Tuesday 11 December 2018

Ulster complete stunning 17-point comeback to hand Munster another derby defeat

Ulster 24 Munster 17

1 January 2018; Robert Lyttle of Ulster goes over to score his side's fourth try during the Guinness PRO14 Round 12 match between Ulster and Munster at Kingspan Stadium in Belfast. Photo by David Fitzgerald/Sportsfile
1 January 2018; Robert Lyttle of Ulster goes over to score his side's fourth try during the Guinness PRO14 Round 12 match between Ulster and Munster at Kingspan Stadium in Belfast. Photo by David Fitzgerald/Sportsfile
David Kelly

David Kelly

Ulster completed a stunning second-half comeback against 14-men Munster, coming from 17-0 down to win 24-17, securing the bonus point with Rob Lyttle's last minute try.

Former Ulster player Sam Arnold's 58th minute sending-off, for a high shot on Christian Lealifano, proved crucial as, with Finian Wycherley also in the bin, Ulster made hay with a Craig Gilroy double and a Darren Cave try contributing to a remarkable win.

Munster left seven points from the boot of JJ Hanrahan behind them too and they will still be ruing the manner of defeat while Ulster will receive a huge morale boost by showing such character to come back from the dead.

The first-half evidence pointed in only one way – a comprehensive Munster win as they dominated simply every facet of play.

After former Munster man Jean Deysel conceded an early penalty, JJ Hanrahan missed the chance to earn his side an early lead as his 40-yard attempt was skewed right of the posts.

Ulster were carrying their Galway difficulties into the early throes, struggling at ruck time on and off the ball.

Even when they made 50 yards with some lovely play from Charles Piutau and Rob Lyttle, they coughed up the ball in possession when Jack O'Donoghue made a neat steal.

They created an over-lap on the right but a low percentage off-load from Stuart McCloskey drifted into touch; at least Ulster were now playing some ball.

Munster's set-piece strength was also a notable feature; two scrum penalties and a rolling maul penalty reflecting that fact as Ulster's two returning props struggled early on.

From one such position, Munster almost got in on the right-hand side, playing with an advantage; an excellent pick-up and pass from Simon Zebo setting Calvin Nash away but a combination of Piutau and McCloskey shunted the youngster into touch.

From the advantage, ever-present Billy Holland again plucked from the air and this time Munster took the direct route to the try-line, Niall Scannell bundled over beneath a heap of bodies.

JJ Hanrahan missed again from the tee and, when an exit kick went awry, one could understand why maybe he is not yet convincing coaches as a potential first-choice option at ten.

He missed his third kick in a row but, at least, it did follow Munster's second try, an almost carbon copy from Scannell after another rumbling maul, earned on the back of a third successive scrum penalty.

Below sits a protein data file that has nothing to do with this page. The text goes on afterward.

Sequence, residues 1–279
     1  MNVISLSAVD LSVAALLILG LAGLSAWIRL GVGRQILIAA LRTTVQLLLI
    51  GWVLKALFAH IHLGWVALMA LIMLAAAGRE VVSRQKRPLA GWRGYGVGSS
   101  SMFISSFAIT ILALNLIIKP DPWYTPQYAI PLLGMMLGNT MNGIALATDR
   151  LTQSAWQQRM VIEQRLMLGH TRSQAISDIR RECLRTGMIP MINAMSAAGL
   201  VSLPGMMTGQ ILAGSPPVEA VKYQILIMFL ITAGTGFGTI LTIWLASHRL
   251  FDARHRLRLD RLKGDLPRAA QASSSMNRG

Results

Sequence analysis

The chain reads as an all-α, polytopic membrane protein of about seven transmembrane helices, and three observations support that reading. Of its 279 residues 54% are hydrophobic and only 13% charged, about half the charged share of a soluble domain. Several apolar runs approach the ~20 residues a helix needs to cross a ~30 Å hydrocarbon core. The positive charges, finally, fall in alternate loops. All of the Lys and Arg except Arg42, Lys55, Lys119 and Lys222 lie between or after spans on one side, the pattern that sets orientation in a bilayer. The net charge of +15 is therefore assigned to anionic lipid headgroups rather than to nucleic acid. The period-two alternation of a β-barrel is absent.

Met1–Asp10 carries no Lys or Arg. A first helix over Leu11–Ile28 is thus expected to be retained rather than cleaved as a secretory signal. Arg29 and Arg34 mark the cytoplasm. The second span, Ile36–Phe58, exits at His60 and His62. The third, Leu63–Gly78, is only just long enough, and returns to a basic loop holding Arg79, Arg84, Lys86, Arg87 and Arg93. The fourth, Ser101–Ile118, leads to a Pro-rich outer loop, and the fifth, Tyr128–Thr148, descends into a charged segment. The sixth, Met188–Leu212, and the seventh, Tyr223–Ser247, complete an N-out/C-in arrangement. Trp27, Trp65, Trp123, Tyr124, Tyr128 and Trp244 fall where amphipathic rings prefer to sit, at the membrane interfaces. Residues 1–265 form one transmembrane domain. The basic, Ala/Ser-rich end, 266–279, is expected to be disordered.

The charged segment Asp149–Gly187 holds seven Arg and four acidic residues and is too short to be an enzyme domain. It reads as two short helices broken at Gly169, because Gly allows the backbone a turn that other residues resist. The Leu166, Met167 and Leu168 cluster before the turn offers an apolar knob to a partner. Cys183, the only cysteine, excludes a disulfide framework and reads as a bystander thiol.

Now 10-0 after 25 minutes, it should really have been 18-0 with a decent kicker.

Ulster briefly visited Munster territory but, having forced a third throw-in within the red zone, promptly miscued the set-piece for a third successive occasion as the home crowd began grumbling.

Munster, benefiting again from Ulster's inability to retain the ball, ground their way back into scoring territory once more and, with Sean Gallagher losing patience with a crumpling Ulster scrum, awarded a penalty try.

Blessed relief for Hanrahan, whose conversion attempt was unnecessary but more misery for Ulster, now 17-0 down and running out of ideas and whatever puff they had.

They ended the half in reasonable nick, putting a few phases together after Nick Timoney's break when they managed to keep hold of the ball thereafter.

Spurning a penalty in overtime, they kicked to the corner in the hope that they could do to Munster what had been done to them – twice.

However, Jack O'Donoghue tore through the middle of the maul and frogmarched Rob Herring into touch. Not only out of play but surely now out of the game.

Ulster dumped their under-performing props at the break and immediately steadied their scrum and with half-time stinging their ears, started the second-half in much better fettle, forcing Munster into conceding a succession of penalties.

With Munster's stand-in captain receiving a team warning, Ulster needed to make their pressure count and they did so when John Cooney spotted a massive hole close in and dived beneath the posts.

But ten minutes of grinding work was undone when Sean Gallagher demanded TMO evidence of just why the gap had been created; he discovered that Greg Jones had taken out John Ryan in the ruck.

Back to square one for Ulster but they returned there quite quickly, forcing Finian Wycherely into the bin in the 55th minute as Munster's penalty count grew under the increasing pressure.

But the pressure needed points. Ulster kicked to the corner again and, finally, they got the score they craved in the 58th minute through Cave; Darren racing beyond the prone Lealifano as Munster's defence was pierced.

Again the TMO was involved, but only to check whether the hit on Lealifano was illegal; it was, and former Ulster man Sam Arnold was red-carded while John Cooney added the extras.

Now it was really game on as Ulster enjoyed at least a five-minute advantage with two men; and a further quarter with one.

Three minutes after scoring his try, Cave then created one, a beautiful grubber gathered by Craig Gilroy tight to the right-hand touchline which left them just five points adrift, 17-12, with nearly a quarter of the game remaining.

Enjoying their numerical advantage, Ulster went for the kill; Gilroy added a second try before Rob Lyttle crossed for the bonus point try in the final minute.

A game of two halves; but Ulster had won the important one.

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